First, as Realtor, it would be extreemly rare for me to advise my seller to accept an offer from someone without a pre-approval letter from a reputable lender. Further, I don't allow my buyer agents to show more than a house or two to a person until we are able to get them pre-approved for a loan. Not only do you tie your money up, but the seller loses precious marketing time taking the home off the market to deal with someone who hasn't demonstrated the ability to actually pay for the purchase. My goal as a Realtor is to make a win win for everyone and we all walk away from the closing table delighted.
As far as the appraisal fee is concerned, you should be able to get that back from the mortgage broker as they have not ordered or had the appraisal service performed.
Good luck to you. If you need further assistance, I might be able to put you in touch with a local Keller Williams agent like myself in GA.
In your question you state that your lender is unable to get you a "satisfactory" loan. I suppose the question I have is how long have you known that a "satisfactory" loan wasn't available to you? You are bound by specific time-frames within the sales agreement, if those dates have past, you probably have little chance of recovering your earnest money. In regard to your appraisal fee. It's not unusual for the lender to collect these fees up-front since once they order the appraisal, they are required to pay the appraiser whether the loan closes or not. The appraiser did their job and expect payment. If the lender hasn't ordered the appraisal yet, nobody is out any money, and the lender should refund this fee.
For future reference . . . Anytime you get within two weeks of the proposed closing date and an appraisal hasn't been ordered by then. This should be a red-flag that there something going wrong. I would be contacting the lender to see what problems are surfacing with your loan that they aren't comfortable in having this necessary step completed. Hope you have a good Realtor representing your interest, Best of luck - Steve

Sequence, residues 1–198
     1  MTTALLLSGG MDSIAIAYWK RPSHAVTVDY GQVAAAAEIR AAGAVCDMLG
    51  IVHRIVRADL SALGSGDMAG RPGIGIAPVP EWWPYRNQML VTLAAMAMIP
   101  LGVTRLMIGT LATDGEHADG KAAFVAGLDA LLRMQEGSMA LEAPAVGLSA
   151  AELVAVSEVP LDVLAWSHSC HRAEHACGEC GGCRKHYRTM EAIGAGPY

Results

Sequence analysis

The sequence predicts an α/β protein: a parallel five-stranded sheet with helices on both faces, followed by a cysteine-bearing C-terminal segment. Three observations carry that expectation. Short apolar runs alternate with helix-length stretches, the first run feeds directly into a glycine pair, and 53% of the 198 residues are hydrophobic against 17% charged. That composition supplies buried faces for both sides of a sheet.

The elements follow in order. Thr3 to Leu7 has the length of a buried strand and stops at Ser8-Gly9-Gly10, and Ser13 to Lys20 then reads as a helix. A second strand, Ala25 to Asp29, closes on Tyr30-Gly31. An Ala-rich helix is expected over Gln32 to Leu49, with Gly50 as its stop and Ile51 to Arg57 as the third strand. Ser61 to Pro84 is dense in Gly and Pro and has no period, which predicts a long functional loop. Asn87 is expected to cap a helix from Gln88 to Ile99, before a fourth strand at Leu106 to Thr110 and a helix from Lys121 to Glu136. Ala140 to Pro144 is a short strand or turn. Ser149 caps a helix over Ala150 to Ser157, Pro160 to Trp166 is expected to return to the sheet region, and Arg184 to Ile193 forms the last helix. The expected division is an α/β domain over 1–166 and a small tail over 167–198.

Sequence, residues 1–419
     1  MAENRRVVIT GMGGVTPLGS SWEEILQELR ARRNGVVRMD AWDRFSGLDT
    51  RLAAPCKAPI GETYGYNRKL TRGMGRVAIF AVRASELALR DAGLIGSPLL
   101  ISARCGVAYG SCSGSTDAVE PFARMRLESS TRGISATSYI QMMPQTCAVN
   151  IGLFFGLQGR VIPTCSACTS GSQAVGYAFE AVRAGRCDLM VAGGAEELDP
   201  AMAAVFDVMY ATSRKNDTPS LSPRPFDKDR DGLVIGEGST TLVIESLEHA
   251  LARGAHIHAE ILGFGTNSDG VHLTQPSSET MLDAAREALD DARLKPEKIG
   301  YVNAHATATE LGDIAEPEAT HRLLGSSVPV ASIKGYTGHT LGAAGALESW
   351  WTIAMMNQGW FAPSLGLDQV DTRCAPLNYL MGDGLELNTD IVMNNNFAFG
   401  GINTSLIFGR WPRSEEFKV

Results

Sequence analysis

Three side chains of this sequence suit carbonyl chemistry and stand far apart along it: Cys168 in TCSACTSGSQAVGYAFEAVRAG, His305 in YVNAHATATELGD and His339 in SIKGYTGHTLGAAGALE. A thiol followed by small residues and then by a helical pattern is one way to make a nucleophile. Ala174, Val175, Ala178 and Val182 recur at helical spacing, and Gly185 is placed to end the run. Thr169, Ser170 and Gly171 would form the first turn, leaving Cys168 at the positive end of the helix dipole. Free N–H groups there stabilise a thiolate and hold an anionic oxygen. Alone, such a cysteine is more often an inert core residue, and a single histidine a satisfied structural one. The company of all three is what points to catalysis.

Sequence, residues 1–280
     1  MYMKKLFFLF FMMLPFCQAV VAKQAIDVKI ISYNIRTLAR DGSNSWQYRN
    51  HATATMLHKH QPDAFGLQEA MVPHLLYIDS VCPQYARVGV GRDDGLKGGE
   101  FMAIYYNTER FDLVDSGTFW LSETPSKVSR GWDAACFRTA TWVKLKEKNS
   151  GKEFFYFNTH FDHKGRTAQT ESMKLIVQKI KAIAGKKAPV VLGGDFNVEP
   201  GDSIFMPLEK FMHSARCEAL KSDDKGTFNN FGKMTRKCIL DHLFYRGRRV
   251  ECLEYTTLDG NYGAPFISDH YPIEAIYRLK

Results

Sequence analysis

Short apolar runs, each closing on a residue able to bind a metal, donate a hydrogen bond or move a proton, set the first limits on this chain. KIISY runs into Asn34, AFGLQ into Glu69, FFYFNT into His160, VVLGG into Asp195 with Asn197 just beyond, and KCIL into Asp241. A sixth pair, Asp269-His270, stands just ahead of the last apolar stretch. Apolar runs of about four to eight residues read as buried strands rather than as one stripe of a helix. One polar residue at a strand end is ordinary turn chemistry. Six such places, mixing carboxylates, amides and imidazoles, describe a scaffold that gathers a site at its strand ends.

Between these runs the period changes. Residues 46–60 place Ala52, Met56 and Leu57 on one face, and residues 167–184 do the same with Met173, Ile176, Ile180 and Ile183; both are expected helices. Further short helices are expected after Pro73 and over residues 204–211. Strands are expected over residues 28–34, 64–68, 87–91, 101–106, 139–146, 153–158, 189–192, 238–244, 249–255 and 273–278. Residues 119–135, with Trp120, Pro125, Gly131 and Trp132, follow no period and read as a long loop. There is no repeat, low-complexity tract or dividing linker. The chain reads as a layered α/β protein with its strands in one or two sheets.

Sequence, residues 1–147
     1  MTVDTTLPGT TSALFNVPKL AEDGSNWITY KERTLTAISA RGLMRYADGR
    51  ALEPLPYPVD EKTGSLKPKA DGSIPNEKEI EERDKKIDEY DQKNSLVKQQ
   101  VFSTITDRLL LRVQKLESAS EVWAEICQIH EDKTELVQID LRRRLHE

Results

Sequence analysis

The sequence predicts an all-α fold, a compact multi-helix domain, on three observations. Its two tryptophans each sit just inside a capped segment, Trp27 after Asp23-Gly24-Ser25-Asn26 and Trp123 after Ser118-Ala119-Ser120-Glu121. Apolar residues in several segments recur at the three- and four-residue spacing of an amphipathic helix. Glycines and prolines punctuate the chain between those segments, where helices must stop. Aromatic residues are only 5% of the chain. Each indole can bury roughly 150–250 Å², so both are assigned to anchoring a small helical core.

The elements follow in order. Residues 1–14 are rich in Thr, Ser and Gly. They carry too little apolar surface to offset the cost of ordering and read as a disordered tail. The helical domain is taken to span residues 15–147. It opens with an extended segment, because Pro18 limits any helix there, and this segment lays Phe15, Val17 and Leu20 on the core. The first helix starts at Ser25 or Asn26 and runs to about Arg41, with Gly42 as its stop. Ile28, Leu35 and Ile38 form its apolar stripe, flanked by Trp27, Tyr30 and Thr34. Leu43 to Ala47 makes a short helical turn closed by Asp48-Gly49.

Good luck and my best wishes. Truly, John Allaire
Could this fee be for something other than the appraisal? Like a loan ap. fee?
Insofar, as the earnest money is concerned; that can be dicey.
Once you sign a contract you are held to the terms therein. There is a special stipulation that states you can get out of the contract if your financing doesn't come through - but it is only good under special situations - in some instances just not qualifying isn't enough.
There was a recent case where the seller sued for specific performance; even though the buyer couldn't afford the home - the seller was awarded the earnest money. This is mainly due to the fact that during the time you had the property under contract other potential buyers were lost.
This really is a haphazard way of telling you that you can probably get out of the contract but you are at the mercy of the seller where the earnest money is concerned.
Moral of the Story: Get prequalified before you put a house under contract. It will save you this type of grief in the future - and keep your funds in your bank
If this is New Construction, all bets are off, please call the builder immediately to arrange alternative financing. They use their own contracts most of the time so any advice would be very limited. If it's a resale then read on...
In terms of the earnest money, it's likely that you'd be past all your contingencies to keep it (although you should check with your agent), in which case you should switch loan persons. A good one will get you to the table on time but it will be very difficult (especially without the appraisal done). Standard Georgia contracts come with a unilateral extension right of 7 days. Assuming you haven't used it already, you could extend the closing by 7 days without penalty.
Your best bet, is to consult with your Realtor to find out what your options are. Communication is key, even if the loan person you mentioned here is their recommended person.
"Satisfactory" is not a term in the contract. Please review the contract, there are "ceiling" terms in the contract. Meaning, if you used a standard Georgia form, then you'll have the terms of your supposed loan spelled out. You should check immediately to see if you still have any financial contingency period left on your contract.
Something else to consider is who you were talking with, what is your financial situation, what loan would be satisfactory? In my experience, 8 loan officers will give you 8 different options, but most reputable companies will be close to one another with their quotes. You should always shop 3 and see which one would be best. You can have them check your credit up to 5 times without penalty.